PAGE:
Muneer Bahauddeen

Isobel Neal Gallery

The sculpture of Muneer Bahauddeen is so palpably an art of accretion that its initial impact is one of surfeit; it seems to overwhelm by an outpouring of possibilities. Each of Bahauddeen’s sculptures is composed of a riotous blend of elements that never quite congeal. Bits of string, beads, small bottles, shards of metal, coins, shot glasses, feathers, postage stamps, pieces of cloth, and more are placed on and about a central figure and its ceramic or wood base. The figural assemblages that emerge reflect Bahauddeen’s deep interest in African art and culture. The plethora of stuff strewn at the base of the figure recalls votive articles surrounding the altar of some arcane shrine; in fact the pieces mirror those African sculptures that display a willful proliferation of elements, resulting in ceremonial objects that demonstrate no distinction between their decorative and symbolic qualities.

Bahauddeen’s work pays homage to Nigerian religion and mythology and to the black American experience, among other things; it has a wide spiritual range that extends from the bitter to the joyous. Bahauddeen’s consciousness of himself as a black American seeking expression within a largely hostile society informs his body of work. Elements speaking specifically to the Afro-American experience are included in his constructions both as ethnic talismans and as objects to be subtly parodied. Perfumes and hair-grooming products aimed at black audiences, as well as stamps from the U.S. Postal Service’s “Black Heritage” series, end up reclaimed and subsumed as elements adorning Yoruba goddesses. Several figures have a decidedly sinister air, and some function as out-and-out fetishes, with nails driven into them by the artist.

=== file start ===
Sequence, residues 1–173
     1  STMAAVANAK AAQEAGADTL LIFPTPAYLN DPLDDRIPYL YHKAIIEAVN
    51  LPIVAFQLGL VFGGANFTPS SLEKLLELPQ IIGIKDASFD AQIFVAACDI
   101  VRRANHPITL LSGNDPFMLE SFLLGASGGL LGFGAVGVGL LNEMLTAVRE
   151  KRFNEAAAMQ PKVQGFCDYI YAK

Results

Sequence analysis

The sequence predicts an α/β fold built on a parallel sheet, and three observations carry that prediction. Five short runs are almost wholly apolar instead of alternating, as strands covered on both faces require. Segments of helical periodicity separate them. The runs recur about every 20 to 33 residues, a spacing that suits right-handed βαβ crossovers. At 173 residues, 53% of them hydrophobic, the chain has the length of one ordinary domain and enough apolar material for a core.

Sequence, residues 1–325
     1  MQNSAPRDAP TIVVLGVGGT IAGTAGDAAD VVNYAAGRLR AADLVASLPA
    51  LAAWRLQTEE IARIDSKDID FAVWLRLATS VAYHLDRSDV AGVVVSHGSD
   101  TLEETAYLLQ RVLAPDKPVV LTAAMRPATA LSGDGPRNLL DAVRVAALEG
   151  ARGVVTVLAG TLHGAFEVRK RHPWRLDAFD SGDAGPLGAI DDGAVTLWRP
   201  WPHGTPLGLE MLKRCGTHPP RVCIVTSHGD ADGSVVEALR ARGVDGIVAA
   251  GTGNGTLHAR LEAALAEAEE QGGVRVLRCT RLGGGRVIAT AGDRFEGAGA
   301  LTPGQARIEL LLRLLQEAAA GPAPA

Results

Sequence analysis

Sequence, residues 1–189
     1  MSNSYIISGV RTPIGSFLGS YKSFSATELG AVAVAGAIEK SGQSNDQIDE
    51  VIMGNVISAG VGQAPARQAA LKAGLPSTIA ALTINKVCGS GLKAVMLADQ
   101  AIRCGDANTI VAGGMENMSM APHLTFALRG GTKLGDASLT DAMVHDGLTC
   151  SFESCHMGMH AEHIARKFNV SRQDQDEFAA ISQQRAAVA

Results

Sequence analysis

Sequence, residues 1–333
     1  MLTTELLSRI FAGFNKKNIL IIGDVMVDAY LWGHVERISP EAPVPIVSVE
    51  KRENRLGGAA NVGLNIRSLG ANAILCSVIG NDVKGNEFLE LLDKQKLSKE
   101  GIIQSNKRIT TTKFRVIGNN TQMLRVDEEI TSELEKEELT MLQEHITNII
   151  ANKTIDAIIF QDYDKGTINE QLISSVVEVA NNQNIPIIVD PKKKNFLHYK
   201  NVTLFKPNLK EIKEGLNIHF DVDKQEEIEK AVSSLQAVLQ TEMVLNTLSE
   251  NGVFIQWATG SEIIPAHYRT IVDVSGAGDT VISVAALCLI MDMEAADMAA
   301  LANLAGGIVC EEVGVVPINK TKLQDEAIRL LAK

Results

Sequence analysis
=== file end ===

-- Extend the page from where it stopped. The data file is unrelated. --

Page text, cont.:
One of the few two-dimensional pieces in the exhibition, N.H.T. #23 Middle Passage II, 1987, has a special resonance. Brightly colored bits of metallic paper create the profile of a ship at sea. Bauhauddeen intersperses fragments taken from a copy of an infamous ground plan of a slave ship’s hold. (The plan illustrated how the maximum number of blacks could be transported to America by chaining them end to end, shoulder to shoulder.) In this evocation, Bahauddeen’s juxtaposition of blatantly decorative elements with a preexisting image of great power is a particularly poignant act. Without resorting to overt rhetoric or even to the suggestion of narrative, he protests both the original actions of the slave traffickers and the iconographic means that were their tool. To the pictorial tactics of the ship diagram, and also, on a larger scale, to the Western “fine art” tradition, he opposes a concept of picture-making that allows for the ceremonial and the decorative, while facing issues of the deepest import.

James Yood